“Where will you go to find a moneylender? How will you do that?” I ask with a hint of worry in my voice. “I’ll go to Pandharkawada. I’ll have to go to the dalal, the person to whom we sell the cotton,” Shedamake explains. “I’ll have to sell my cotton only to him. He’ll take out the loan amount and then give me the rest of the money.” I ask if he buys the cotton for a fair price. Often when farmers don’t get to choose who to sell their cotton to due to situations like Ganpat Shedamake’s they are forced to sell their cotton at a price lower than the market price declared by the government. “He buys the cotton on market price,” Shedamake tells me. “He takes the loan and the interest and gives the rest of the money back to me.” I’m skeptical. The dalal is a middleman. He buys the cotton from Shedamake and other farmers and then sells it at the cotton mills. If he can buy it for a cheaper-than-market price and then sell it to the cotton mills for market price, he walks away with a profit. I suppose we’ll see if Shedamake’s dalal is an honest one when it comes time for Shedamake to sell his cotton at the end of this season.

“I’ll go tomorrow and get the loan. Then sow the seeds,” Shedamake tells me. “How much will you borrow?” I ask. “5,000 rupees. It’s a small amount but it’s enough to buy seeds. We go for daily wages on other people’s farms. That’s how we pay for our household expenses,” he answers. A day’s work on a farm will earn you a wage of 100-150 rupees. That’s about $1.75-$2.75 USD. When I ask what his annual income is Ganpat Shedamake tells me it is between 10 and 15,000 rupees usually. This means that he and his wife live well under the poverty line (below poverty line is referred to as BPL). They both have a BPL card, which means they get a discount on things like bus tickets and rice and wheat. “Other than that,” Shedamake tells me, “we don’t get any help from the government.”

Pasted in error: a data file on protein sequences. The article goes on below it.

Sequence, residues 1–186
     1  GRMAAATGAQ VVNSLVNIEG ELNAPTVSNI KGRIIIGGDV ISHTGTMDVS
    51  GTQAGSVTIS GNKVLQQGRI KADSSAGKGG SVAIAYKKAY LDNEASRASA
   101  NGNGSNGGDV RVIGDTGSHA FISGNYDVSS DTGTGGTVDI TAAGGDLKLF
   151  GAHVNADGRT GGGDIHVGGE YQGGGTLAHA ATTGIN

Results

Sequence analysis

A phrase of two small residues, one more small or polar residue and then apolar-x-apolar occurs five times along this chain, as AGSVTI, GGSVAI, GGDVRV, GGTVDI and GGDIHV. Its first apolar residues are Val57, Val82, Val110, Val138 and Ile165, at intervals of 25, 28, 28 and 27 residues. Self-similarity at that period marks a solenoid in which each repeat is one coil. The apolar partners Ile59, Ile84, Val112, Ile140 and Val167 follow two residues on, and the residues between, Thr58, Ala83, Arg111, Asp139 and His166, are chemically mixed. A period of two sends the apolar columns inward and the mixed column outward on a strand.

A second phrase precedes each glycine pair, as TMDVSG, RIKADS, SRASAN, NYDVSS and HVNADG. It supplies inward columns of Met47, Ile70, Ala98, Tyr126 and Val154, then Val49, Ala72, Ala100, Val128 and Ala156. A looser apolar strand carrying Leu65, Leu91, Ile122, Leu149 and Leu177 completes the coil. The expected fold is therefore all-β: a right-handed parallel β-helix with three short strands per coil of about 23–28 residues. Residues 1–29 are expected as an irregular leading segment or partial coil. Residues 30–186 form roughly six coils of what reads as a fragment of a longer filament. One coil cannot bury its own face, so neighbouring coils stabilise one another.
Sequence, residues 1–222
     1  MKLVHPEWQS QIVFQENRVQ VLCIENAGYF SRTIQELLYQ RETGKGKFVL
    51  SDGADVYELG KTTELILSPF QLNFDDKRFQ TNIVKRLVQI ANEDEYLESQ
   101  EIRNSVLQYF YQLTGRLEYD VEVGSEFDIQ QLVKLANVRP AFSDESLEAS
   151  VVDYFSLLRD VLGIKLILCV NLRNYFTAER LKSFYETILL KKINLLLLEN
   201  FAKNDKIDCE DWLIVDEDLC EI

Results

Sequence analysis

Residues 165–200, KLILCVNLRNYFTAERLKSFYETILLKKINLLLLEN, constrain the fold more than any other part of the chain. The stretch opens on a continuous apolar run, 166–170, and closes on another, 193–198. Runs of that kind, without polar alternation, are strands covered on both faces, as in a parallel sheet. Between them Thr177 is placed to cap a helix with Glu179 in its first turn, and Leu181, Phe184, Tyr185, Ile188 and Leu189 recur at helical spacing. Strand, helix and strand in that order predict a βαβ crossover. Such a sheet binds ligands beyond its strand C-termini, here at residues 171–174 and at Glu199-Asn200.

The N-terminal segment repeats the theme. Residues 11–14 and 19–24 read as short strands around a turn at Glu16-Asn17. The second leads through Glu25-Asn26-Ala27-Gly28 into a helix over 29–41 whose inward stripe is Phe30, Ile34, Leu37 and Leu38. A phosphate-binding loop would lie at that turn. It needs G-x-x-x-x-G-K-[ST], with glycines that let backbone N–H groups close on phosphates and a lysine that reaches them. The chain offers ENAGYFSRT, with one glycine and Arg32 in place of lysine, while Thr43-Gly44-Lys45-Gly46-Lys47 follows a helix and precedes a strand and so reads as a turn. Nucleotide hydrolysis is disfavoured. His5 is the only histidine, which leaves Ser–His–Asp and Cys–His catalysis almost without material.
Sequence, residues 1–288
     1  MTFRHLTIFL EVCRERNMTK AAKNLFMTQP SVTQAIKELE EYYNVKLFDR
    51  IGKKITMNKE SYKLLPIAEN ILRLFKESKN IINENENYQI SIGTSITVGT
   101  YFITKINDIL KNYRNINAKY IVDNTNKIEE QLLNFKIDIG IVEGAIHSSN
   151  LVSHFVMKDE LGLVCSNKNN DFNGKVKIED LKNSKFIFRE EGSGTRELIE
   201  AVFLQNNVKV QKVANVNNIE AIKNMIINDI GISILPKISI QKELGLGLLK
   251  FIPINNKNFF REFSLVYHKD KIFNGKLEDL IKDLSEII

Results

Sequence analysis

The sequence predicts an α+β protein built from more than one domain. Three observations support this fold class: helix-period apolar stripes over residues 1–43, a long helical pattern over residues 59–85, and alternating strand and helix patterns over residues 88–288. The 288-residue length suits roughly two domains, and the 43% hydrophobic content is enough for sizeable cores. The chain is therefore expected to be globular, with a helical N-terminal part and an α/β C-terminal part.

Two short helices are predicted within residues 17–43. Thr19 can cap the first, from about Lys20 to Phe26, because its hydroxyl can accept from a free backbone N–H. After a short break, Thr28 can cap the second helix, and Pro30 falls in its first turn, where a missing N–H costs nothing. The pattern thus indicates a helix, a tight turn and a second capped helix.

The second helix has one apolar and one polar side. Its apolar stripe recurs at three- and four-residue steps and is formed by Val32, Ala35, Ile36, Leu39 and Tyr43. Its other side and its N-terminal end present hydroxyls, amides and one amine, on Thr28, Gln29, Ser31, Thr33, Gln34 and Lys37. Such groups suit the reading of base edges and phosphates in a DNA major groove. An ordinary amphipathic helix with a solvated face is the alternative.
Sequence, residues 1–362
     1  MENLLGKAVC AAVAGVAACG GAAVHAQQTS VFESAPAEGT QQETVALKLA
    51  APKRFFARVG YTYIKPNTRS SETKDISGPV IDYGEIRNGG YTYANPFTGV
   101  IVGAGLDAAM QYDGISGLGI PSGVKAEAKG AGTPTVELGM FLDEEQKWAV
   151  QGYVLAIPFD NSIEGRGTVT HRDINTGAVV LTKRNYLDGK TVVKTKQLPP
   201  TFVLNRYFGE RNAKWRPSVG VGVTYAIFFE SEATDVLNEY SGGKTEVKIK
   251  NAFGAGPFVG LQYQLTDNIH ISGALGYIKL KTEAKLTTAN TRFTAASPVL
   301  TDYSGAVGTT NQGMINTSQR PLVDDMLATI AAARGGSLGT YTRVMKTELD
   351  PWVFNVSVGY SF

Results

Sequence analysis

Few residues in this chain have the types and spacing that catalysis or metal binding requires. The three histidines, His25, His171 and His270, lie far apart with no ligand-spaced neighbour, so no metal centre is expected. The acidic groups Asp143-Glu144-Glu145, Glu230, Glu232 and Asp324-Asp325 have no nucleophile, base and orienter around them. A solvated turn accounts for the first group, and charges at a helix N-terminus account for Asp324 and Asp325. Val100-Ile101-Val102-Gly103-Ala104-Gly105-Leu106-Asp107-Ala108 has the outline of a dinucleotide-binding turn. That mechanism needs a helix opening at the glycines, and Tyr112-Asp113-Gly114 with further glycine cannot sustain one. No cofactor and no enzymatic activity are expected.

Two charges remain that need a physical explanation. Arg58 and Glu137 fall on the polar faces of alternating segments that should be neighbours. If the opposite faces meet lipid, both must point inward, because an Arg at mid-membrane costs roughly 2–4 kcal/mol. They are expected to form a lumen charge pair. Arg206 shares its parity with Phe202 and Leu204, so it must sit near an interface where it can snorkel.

As I’m leaving, I notice the roof has been patched with a tarp. “We got it on Monday. It was 300 rupees for 6 meters,” says Shedamake. “Was that a lot?” I ask. “For poor people it is expensive but there is no other option. You have to buy it,” Shedamake says, shrugging. As I walk back home I think about how Ganpat Shedamake’s answers are never riddled with worry or sorrow. He speaks very matter-of-factly. I think back to one of the first things he told me—“The worry is all the time, till you sow the seeds. Then you’re a little relieved. Then until the bud forms we are a little worried. After that we are happy.” I wonder what this happiness looks like.


Since I first published this post there have been a few developments with the Shedamakes. They were unable to get a loan from the dalal. Instead of searching for someone else to lend him money or begging the dalal and showcasing his vulnerability, Ganpat Shedamake opted to use the rest of his savings from the leaves for bidis in order to purchase one bag of cotton seeds (930 rupees) and one bag of jowar (approximately 375 rupees). They hope that the yield will be enough to pay some of their remaining debt to the moneylender. They will rely on daily wages earned by Laxmibai and Shital (when she doesn’t have school—weekends and holidays). The average wage per day here is 100 rupees.  


research update!

Namaskar friends!

I don’t have any really specific New Year’s resolutions, but I did tell myself that I want to try to live more honestly and openly. And I promised a blog updating you on my research project’s progress. What could be more honest and open than fulfilling my promise and opening up and sharing about my life?

I had a month long break from my Marathi and finally had a chance to travel a bit. I’ve been seeing posts on Facebook from lots of other Fulbrighters about traveling for research and pleasure and who knows what. When December came around and I had a break, I decided to take full advantage of it. I hit the road for a month.

I had two goals:
1. Set up some of my fieldwork in Nagpur with Ajay and Yogini Dolke
2. See some amazing amigas!

I scheduled a 3 day visit to Nagpur en route to friends in Delhi. Ajay and Yogini Dolke run a non-profit called Society for Rural and Urban Joint Activities in Nagpur (SRUJAN). SRUJAN has numerous health and community development projects in several villages around Nagpur. I met Ajay and Yogini while studying abroad in India in 2007. I stayed in touch with them while researching the Indian cotton economy for a class paper at Sarah Lawrence. As soon as I heard that I got a Fulbright to come back to India I emailed them. They promised to help me with my fieldwork when the time came. So in mid-December I boarded an overnight train to Nagpur. The next morning I said goodbye to my new friend “Boosh” (who invited me to his wedding in Nagpur in early February…I’ll still be here in Pune unfortunately) (ALSO he had a lisp and spoke rapid Marathi so I may be getting his name wrong…).

After some confusion about where to meet, I finally found Yogini at the Nagpur train station. While we drove to the SRUJAN office  in Nagpur we caught up a bit. I let her know that I had set aside the next three days to be available to talk with her and Ajay whenever they were available; I didn’t want to impinge on any of their very important ongoing projects.